Prolific character actor Powers Boothe died Sunday at age 68. His more recent TV and film roles included Marvel’s Agents of S.H.I.E.L.D., Nashville and Hatfields & McCoys, and memorable roles in Deadwood, 24, Sin City, Tombstone and Nixon.
At Channel Guide Magazine, we fondly remember Boothe’s role as the Roman general Flavius Aetius in USA Network’s 2001 miniseries Attila.
Boothe gave this thoughtful interview with Channel Guide‘s Karl Paloucek, originally published in January 2001:
Conquest And Democracy
Powers Boothe Talks About His Role In “Attila”
History discloses that the relationship between Aetius and Attila, King of the Huns, was a strategic one. During the fifth century, the Roman Empire held Europe tightly within its grasp. But corruption of its leadership and attacking tribes from the East threatened to undermine its power. Aetius courted a friendship with the most dangerous of these tribes’ leaders, Attila, hoping to harness his power for the good of the Roman Empire instead of constantly having to negotiate the danger he represented. Over two nights, USA Network’s latest original feature Attila (January 30-31) allows the intricacies and complexities of their relationship to come forth.
“It’s amazing how much actual factual data that we can pull up,” Powers Boothe says, talking about the history behind his role as the Roman general Flavius Aetius. “You could find out who was the son of whom and what the relationship was — all those things — relatively easily, and even down to how many men were in a legion and what the formations were, how they actually did battle, how roads were built.” Boothe obviously is pretty engaged in the history surrounding his role.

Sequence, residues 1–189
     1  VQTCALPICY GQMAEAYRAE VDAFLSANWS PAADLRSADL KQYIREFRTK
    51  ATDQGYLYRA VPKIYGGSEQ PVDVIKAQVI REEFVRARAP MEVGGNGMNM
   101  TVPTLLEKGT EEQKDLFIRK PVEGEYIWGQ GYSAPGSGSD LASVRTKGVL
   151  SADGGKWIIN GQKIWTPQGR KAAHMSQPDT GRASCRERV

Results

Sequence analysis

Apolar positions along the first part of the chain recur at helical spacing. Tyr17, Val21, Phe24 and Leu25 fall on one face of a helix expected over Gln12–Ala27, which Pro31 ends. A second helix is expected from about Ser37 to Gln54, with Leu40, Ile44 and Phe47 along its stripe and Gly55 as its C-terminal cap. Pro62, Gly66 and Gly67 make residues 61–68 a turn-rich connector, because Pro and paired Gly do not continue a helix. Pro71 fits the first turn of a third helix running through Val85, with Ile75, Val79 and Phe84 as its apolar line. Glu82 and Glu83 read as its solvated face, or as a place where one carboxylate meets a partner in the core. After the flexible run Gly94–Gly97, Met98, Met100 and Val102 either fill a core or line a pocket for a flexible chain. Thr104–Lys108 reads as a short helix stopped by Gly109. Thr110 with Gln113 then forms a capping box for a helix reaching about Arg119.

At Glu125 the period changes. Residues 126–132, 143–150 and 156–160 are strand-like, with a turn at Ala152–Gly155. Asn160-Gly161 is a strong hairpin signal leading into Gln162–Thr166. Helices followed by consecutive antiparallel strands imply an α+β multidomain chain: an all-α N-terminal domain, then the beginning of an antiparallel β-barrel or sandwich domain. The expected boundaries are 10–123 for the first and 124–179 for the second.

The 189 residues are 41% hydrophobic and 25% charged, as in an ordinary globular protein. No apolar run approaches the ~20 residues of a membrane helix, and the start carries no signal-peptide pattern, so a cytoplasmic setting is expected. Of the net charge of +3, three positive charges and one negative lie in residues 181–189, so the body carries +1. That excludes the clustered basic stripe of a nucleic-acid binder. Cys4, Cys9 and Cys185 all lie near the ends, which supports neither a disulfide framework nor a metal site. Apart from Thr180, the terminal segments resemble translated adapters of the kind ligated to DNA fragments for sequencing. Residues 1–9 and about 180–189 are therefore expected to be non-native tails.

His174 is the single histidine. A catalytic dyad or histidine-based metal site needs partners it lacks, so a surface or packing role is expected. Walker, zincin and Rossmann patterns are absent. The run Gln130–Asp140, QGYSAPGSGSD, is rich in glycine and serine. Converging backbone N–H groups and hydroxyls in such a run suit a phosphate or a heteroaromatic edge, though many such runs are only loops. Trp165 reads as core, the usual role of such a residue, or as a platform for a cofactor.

Best known for his roles in Nixon and Tombstone, Boothe is quick to point out that, unlike most “Hollywood” productions, there is no clearly defined villain in the story. Many of the film’s heroes are fraught with complex flaws that make them seem more human and less idealistic. “I think one of the exciting things, to me, about [Aetius] was he may have been manipulative in some respects, but he was not Machiavellian,” Boothe asserts. “And his goal, as is clearly expressed in the film, is Rome. And the idea of Rome, which is a noble idea. For instance, he had no use for the emperors, but he — and this is historically factual — he never made any attempt to assassinate them or wrench power from them. He, in fact, was like the Kissinger of Rome in that he was a tremendous diplomat in trade and treaties, plus being a great general.
“Of course, we know the problem with the emperors, etc. But the idea of Rome — there’s so much positive that came out of that, that affects our life today,” Boothe continues, reflecting on the impact that even one individual might have over the history of the world. “One of the things I found interesting … if Attila had been victorious, as opposed to Aetius — what [would] the population of Europe and what we know as Italy, etc., have been? Therefore, what would the immigration to this world have been? How would it have changed society or life as we know it … in the world today?”
Boothe sincerely hopes that people will take away from Attila something about the fragility of democratic society, particularly in the wake of the recent presidential election’s ugliness. As a result, he’s that much more thankful for the role. “I’ll tell you — and I’m not BS-ing here — I just feel, as an actor and as a human being, really fortunate to have been able to have been in a project like this that can both entertain and tweak the mind. … They don’t come along very often.” — Karl J. Paloucek